From NKAA, Notable Kentucky African Americans Database (main entry)
Ross, Merrill Ray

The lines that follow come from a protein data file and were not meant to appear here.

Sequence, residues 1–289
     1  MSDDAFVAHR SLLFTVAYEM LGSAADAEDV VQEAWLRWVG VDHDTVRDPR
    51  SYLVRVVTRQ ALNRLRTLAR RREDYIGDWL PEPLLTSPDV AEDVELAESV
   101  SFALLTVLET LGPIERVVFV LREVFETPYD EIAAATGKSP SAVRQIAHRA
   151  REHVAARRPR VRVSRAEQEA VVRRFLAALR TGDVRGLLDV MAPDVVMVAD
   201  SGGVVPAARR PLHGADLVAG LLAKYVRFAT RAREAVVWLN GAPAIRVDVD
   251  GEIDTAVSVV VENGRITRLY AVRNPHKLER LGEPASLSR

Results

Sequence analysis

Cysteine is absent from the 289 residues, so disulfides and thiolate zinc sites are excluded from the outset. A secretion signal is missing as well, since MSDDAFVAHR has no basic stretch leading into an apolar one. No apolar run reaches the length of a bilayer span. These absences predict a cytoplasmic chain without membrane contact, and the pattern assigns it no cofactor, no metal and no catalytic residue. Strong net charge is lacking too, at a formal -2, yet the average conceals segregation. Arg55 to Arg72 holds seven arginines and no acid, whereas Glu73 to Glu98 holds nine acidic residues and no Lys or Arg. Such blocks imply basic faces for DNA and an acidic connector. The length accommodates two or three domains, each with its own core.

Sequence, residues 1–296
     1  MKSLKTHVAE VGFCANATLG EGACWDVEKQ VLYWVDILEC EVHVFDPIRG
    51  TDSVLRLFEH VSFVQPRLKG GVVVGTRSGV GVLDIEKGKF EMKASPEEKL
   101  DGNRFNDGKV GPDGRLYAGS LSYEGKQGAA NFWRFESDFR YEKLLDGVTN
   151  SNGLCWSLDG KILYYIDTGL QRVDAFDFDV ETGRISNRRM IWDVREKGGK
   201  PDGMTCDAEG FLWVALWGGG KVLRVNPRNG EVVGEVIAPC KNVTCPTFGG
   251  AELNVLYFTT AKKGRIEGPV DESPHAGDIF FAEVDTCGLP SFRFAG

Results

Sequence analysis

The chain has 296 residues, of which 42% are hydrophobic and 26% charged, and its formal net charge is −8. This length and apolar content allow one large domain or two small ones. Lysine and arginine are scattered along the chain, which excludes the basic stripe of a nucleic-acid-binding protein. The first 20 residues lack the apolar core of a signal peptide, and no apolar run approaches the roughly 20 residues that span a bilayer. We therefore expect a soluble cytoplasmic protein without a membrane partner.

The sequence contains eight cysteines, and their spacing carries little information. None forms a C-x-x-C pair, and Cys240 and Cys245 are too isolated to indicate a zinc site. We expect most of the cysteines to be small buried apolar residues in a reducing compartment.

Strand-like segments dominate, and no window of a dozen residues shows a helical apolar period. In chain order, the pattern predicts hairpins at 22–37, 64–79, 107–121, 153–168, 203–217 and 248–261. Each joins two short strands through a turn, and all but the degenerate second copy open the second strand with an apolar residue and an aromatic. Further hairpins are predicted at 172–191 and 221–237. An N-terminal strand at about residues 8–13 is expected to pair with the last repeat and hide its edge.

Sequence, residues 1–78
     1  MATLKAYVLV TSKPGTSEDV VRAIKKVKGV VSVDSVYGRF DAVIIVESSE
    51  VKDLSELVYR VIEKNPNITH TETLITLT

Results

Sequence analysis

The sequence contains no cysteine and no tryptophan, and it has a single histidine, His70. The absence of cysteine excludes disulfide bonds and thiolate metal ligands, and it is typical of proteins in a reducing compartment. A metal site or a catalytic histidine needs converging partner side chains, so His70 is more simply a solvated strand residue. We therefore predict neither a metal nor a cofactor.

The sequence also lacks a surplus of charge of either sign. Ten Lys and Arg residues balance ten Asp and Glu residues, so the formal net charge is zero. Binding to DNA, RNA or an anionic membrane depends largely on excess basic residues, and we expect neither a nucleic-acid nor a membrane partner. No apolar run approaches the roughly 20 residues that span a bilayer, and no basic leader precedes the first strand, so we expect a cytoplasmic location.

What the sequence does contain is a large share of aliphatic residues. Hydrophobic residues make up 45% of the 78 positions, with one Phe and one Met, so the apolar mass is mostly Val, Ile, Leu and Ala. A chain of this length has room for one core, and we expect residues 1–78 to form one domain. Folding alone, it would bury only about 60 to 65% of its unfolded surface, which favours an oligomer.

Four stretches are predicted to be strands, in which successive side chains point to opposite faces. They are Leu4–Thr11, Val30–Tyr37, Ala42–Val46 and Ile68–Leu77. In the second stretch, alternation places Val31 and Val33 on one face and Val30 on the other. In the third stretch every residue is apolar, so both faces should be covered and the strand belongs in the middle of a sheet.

(born: 1919 - died: 2012) Merrill R. Ross was the first African American school principal of a predominately white school in Topeka, Kansas. He was born in Flat Lick, KY, and his family later lived in Pineville, KY. He attended Kentucky State University for two years, then transferred to Pittsburg Teachers College in Kansas [now Pittsburg State University] where he earned a pilot's license and undergraduate degree. Merrill R. Ross was working on his master's degree during the early part of WWII, and he was a schoolteacher in Kansas. He was just starting his teaching career when he left to serve in the military, and he became a WWII Tuskegee Airman. He had entered the service late, November 18, 1944, and the war was almost over; therefore, he did not have to serve overseas. With an honorable discharge, Merrill R. Ross returned to Kansas and became a teacher and he also coached the Ramblers basketball team at Topeka High School. It was an African American School, the schools in Topeka were segregated. In 1954, Merrill R. Ross was first named a school principal. In 1962, he was named principal of the predominately white school Avondale West Elementary. Merrill R. Ross retired in 1985, and in 1992 he was inducted into the Kansas Teachers Hall of Fame. The following year, the Highland Park South Elementary School was renamed in his honor, Ross Elementary School. Merrill R. Ross died February 23, 2012, in Hemphill, TX. He was the son of Richard and Tama P. Ross. [Sources: Merrill Ray Ross' WWII Draft Card in Ancestry; U.S., Obituary Collection in Ancestry; Tim Hrenchir, "History Guy: Groundbreaking Topeka educator was born 100 years ago this month," The Topeka Capital-Journal, 12/11/2019; "Interview with Merrill Ross" an oral history recording within the World War II: the African American Experience Collection at the University of Kansas Libraries].